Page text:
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15 Signs Your Chronic Pain Is From an Underlying Condition, Not Your Weight


Editor's Note

Any medical information included is based on a personal experience. For questions or concerns regarding health, please consult a doctor or medical professional.

“I’m sure if you just lost some weight, you’d feel so much better!”

This is a phrase many of those with chronic pain are all-too-familiar with. Although doctors and loved ones may have good intentions by offering up a possible “solution” to your pain, the assumption that your symptoms can be 100 percent attributed to your weight and are therefore “in your control” seriously misses the mark.

For many of those with chronic pain, the number on the scale has zero correlation with their pain levels and severity of symptoms. For others, gaining or losing weight may have a positive impact on how they feel. But it’s also important to remember that it’s not always possible (or even recommended) for certain people with health conditions to change up their diet, lifestyle and exercise routine for the sake of gaining or losing weight. Some may also experience unintended weight fluctuations due to an underlying illness, medication or treatment plan. When people complain of pain or other symptoms, it’s critical for medical professionals (as well as friends and family) to really listen, be respectful, and not brush off the person’s concerns as “simply a side effect of their weight” without investigating further.

We wanted to better understand why gaining or losing weight isn’t always the “simple solution” for those with chronic illnesses, so we asked our Mighty community to share a “sign” they’ve experienced that indicated their pain was the result of an underlying chronic pain condition – and not their weight. Every person’s health journey is unique, and we all deserve to be met with kindness, respect and understanding rather than judgments or assumptions. If you recognize your own experiences in some of the comments below, know you’re not alone.

Here’s what our community shared with us:

  1. I gained weight after I started experiencing chronic pain.” – Joanne S.
  2. When I lost [a lot of weight] in 2013, I still experienced pain. In fact, the pain was worse. The doctors told me to continue losing weight and the pain would ‘just disappear.'” – Brianna T.S.
  3. When [someone] tells me [“If you just lost some weight, you’d feel better!”] and I point out the pain also exists in my hands and feet and neck, everywhere with a joint basically, and that won’t get better with weight loss. In fact, I gain more weight once this starts because of how intense the pain of exercise is. I’m just lucky I can manage to maintain the current weight, IMO.” – David N.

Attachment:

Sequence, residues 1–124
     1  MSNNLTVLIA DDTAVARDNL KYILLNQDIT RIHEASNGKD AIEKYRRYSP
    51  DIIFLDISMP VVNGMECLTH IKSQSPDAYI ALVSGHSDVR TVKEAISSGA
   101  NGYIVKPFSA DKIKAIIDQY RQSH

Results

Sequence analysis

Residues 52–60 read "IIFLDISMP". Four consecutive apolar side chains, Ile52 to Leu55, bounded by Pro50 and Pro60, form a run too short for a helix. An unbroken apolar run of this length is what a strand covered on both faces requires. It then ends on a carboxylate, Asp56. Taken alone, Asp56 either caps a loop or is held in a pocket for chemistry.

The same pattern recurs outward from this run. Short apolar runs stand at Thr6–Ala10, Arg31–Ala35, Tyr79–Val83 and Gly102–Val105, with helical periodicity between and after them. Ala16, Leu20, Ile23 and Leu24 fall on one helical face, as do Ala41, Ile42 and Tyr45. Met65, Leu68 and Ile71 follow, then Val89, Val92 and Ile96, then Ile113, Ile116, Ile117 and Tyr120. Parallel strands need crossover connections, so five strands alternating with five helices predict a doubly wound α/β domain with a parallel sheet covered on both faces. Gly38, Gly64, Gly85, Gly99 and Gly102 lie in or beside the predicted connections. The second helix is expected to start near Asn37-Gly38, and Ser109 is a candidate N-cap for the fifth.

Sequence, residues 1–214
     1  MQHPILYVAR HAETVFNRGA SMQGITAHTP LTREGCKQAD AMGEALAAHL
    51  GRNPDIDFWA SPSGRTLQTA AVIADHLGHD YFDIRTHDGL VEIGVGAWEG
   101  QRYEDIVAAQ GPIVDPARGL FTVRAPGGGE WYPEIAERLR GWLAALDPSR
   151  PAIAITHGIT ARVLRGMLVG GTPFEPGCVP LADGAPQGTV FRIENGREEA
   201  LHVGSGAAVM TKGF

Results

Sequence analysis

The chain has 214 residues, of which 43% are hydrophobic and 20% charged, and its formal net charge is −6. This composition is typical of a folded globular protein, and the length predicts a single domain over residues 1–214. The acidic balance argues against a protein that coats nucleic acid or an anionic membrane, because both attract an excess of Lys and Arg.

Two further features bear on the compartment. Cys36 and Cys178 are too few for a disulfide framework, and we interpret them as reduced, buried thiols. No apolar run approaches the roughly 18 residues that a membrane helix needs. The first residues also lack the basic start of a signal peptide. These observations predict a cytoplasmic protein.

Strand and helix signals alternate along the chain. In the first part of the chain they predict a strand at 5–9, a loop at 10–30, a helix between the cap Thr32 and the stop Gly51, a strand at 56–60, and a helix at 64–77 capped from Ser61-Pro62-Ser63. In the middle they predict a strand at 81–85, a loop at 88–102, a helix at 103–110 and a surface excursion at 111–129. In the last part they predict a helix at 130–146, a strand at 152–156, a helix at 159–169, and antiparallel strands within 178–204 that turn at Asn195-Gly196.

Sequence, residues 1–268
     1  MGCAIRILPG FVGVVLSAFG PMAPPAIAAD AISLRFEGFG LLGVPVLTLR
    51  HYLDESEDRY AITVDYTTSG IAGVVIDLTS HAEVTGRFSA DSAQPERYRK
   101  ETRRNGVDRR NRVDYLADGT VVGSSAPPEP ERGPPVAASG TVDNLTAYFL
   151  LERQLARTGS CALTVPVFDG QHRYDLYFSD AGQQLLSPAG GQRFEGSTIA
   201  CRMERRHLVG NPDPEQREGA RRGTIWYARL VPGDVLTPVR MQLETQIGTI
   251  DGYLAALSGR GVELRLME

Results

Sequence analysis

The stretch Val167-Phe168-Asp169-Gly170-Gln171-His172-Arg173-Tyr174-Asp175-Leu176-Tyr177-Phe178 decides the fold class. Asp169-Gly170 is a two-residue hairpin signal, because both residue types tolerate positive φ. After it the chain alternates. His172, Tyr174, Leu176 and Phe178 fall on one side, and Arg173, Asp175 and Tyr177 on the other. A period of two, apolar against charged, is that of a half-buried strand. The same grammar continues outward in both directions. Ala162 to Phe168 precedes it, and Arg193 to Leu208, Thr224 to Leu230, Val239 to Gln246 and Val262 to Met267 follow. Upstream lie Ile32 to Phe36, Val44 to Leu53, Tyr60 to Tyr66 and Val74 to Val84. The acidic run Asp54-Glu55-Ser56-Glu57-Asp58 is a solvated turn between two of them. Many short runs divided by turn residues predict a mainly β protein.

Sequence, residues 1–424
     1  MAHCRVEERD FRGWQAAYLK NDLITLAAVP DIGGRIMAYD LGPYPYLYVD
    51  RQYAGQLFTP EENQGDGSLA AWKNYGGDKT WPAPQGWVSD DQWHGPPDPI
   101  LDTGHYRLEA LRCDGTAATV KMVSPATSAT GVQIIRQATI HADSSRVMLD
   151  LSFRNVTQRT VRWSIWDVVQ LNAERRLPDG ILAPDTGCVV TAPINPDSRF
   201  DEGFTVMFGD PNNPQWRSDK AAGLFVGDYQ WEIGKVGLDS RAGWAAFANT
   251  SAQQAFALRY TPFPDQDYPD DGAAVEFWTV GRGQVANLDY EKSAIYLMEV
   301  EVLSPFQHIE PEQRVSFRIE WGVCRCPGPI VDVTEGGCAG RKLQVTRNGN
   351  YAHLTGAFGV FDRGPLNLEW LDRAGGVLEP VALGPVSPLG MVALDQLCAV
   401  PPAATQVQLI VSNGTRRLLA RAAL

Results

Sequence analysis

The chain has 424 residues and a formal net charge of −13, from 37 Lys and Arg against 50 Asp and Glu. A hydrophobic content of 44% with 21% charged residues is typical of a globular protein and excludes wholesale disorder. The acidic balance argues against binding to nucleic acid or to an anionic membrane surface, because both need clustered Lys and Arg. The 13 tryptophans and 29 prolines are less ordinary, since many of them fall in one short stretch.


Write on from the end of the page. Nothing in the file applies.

4. I started working out in the gym regularly and lost [weight]. I got sicker and my pain was unbearable. My weight loss did not relieve or stop my pain.” – Jenny W.S.
  5. At my lightest weight I always feel my worst. A sign it wasn’t weight-related was the ‘Bartonella scars’ – they’re basically stretch marks but instead of a faded white they are red and long.” – Kathryn N.
  6. I’ve had horrible joint pain for the past three and a half years (it has been especially severe in my knees and hips). I lost [weight] over a year and a half ago to see if my weight factored into my pain at all. Losing that weight didn’t change my pain level one iota. However, I was recently diagnosed with Lyme disease – aha! The real source of my pain (and fatigue, headaches, and nausea).” – Tonya M.W.
  7. I had the same level of pain when I was slim.” – Lucy G.
  8. The ‘sign’ was that I lost [weight] and it didn’t make a bit of difference in my pain. The huge difference (sadly) was that I was taken a hell of a lot more seriously when they didn’t have my weight to blame and spent half my appointments congratulating me on my weight loss.” – Tara W.C.
  9. I have EDS [Ehlers-Danlos syndrome]. When I dislocated my neck twice I finally got a ‘OK that has nothing to do with you being chubby, let’s look into this.’ It took 12 years to get an answer but my doctor approaches weight in a nicer way now.” – Kris S.
  10. “The pain goes up five times what it usually is when I don’t eat as much as I normally do. It also can flare even during weeks or months of laying in bed or sitting down… Also that it appears in places that don’t experience much weight like my neck and wrists, among others.” – Jessica H.
  11. I started exercising but that made my symptoms worse.” – Bethan T.
  12. I have chronic pancreatitis which is known to make people lose weight, but I also have Hashimoto’s thyroiditis which is an autoimmune disease and makes me keep weight on, so I get disregarded a lot because I am not thin and frail. I look ‘normal’ but live with debilitating pancreas pain every single day. It’s so hard and so frustrating.” – Tina S.
  13. My pain is in my joints. But I highly doubt the pain in my wrists and hands would be alleviated by losing weight.” – Ali F.
  14. My weight increased simply because of a treatment for my chronic pain – multiple rounds of steroids will do that, as will many types of daily medications… Also, my pain didn’t decrease when the weight I gained from that did go back down.” – Cole K.
  15. I was in pain before I gained weight. I gained weight over the last 12 years due to limited mobility. I just remind them of that.” – Jennifer P.